Stronger Legal Protection of Trade Secrets in Serbia
The Law on Protection of Trade Secrets (“Official Gazette of the RS”, No. 53/2021) entered into force on 5 July 2021, replacing the 2011 Law of the same title and harmonizing the legal regime for protection of trade secrets in Serbia with the relevant EU Directives. This revision mostly consists of clarification and more detailed regulation of certain issues, but the new Law introduces some important novelties as well, which we highlight further in this article.
Who can violate a trade secret and in what way?
The new regime takes the protection of trade secrets out of a purely industrial and commercial context: in accordance with the currently applicable law, the acts of illegal acquisition, use and disclosure of trade secrets can be done by non-business entities, such as institutions or citizens’ associations. Furthermore, in respect of potential violators, if a person produces, offers or places on the market the goods that infringe a trade secret (or imports, exports or stores the goods for such purposes) these acts shall be considered as illegal using of a trade secret, provided that they knew or should have known about the injury.
For the purpose of protecting the public interest, the law exhaustively prescribes certain exceptions to the application of its provisions on measures, legal remedies and procedures. These exceptions include, inter alia, the disclosure of trade secrets by employees to their representatives, when it is necessary for the lawful exercise of their function, as well as exercising the right to freedom of expression and right to information, in accordance with the principle of freedom of the media.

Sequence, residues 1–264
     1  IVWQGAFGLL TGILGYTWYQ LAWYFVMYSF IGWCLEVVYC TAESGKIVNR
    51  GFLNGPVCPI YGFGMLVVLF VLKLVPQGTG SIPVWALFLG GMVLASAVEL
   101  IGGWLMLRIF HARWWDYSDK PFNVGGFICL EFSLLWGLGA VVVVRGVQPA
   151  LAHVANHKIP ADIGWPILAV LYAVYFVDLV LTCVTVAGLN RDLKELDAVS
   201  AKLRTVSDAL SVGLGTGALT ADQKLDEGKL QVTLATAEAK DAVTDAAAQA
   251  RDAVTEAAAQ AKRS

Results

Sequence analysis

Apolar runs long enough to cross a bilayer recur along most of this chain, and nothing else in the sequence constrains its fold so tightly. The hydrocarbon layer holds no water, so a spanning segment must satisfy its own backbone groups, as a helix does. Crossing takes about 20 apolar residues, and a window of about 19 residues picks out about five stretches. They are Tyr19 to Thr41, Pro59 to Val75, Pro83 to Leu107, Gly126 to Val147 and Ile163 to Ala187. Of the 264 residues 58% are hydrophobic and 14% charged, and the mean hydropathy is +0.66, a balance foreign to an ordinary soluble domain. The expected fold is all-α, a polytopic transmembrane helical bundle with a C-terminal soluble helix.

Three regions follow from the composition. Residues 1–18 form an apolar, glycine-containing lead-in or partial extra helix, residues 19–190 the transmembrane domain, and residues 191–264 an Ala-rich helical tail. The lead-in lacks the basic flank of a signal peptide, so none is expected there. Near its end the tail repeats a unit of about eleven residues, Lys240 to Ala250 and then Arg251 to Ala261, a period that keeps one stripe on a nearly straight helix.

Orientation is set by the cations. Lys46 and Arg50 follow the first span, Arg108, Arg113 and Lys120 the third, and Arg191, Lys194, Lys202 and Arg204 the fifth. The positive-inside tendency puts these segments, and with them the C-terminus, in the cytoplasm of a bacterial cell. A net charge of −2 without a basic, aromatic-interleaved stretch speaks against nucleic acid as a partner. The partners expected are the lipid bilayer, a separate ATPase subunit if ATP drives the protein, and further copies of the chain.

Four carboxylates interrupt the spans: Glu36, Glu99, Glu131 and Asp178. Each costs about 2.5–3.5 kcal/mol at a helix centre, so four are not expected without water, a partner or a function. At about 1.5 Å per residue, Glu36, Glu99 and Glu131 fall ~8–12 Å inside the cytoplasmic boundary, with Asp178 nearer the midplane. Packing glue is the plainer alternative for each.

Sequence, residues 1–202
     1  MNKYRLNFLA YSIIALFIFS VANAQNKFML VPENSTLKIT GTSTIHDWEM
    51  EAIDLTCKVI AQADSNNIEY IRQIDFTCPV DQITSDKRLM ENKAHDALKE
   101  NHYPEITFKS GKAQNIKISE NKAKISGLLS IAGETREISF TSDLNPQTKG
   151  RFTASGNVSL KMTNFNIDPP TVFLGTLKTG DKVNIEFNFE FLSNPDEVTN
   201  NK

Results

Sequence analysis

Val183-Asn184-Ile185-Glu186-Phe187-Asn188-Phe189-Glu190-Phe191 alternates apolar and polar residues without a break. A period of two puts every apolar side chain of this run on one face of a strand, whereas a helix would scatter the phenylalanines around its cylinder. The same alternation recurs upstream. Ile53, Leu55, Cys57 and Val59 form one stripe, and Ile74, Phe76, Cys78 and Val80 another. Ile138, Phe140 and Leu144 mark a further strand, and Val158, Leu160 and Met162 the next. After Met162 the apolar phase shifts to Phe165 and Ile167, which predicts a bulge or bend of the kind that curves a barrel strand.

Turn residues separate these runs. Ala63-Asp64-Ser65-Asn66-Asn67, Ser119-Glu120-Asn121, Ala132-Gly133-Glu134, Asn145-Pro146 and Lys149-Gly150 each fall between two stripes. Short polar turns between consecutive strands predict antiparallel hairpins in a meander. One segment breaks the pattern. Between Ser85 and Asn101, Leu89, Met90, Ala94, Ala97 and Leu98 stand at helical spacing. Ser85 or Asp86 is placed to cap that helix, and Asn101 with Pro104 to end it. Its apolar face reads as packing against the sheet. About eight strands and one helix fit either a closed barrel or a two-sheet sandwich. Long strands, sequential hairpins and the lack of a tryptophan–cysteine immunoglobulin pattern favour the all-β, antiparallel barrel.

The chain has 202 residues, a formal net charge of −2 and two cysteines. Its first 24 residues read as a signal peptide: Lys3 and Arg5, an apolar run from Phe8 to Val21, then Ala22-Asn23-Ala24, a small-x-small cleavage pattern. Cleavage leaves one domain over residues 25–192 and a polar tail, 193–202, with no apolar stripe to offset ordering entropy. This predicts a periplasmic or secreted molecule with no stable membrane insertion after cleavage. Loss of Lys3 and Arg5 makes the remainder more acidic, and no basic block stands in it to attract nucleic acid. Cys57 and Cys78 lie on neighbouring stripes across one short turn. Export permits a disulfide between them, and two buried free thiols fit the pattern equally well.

Rules of procedure
The new Law on Protection of Trade Secrets introduces certain procedural modifications, which are mainly in the interest of prosecutors – the holders of trade secrets.
For instance, it is stipulated that a lawsuit can be filed against an intermediary – a person who provides services used in committing violations, while the deadline for filing a lawsuit is increased to 6 months from the date of finding out about the violation and 5 years from the date on which the violation was made.
Secrecy in connection with court proceedings is regulated in much more detail compared to the previous legal solution, in particular, the Law prescribes “special measures for secrecy“, which the court may determine at the reasoned request of a party. In addition, in order to protect the confidentiality of data that constitutes a trade secret, it is prescribed that the delivery of submissions and decisions will not be done by displaying them on the bulletin board, but in accordance with a special procedure provided by the Law.
Violation of trade secrets as an economic offence and misdemeanor
The fines for the violation of trade secret as an economic offence have remained unchanged compared to the previous law, hence for violating a business secret, a legal entity will be fined up to RSD 3 million, and the responsible person will be fined up to RSD 200,000. Nevertheless, prescribing violation of business secrets as a misdemeanor is a novelty – for such misdemeanor a fine in the amount of up to RSD 150,000 can be imposed for a natural person, and up to RSD 500,000 for an entrepreneur.
The new Law on Protection of Trade Secrets has created a more favorable environment for large domestic and foreign companies whose business is particularly in need of protection of data, processes and strategies that provide them with a competitive advantage, and which are exposed to the dangers of their unauthorized use by business partners, employees and others. Overall, stronger protection of trade secrets should encourage investments in innovation, as well as, given the mentioned penal provisions, demotivate actions contrary to the principles of fair market competition.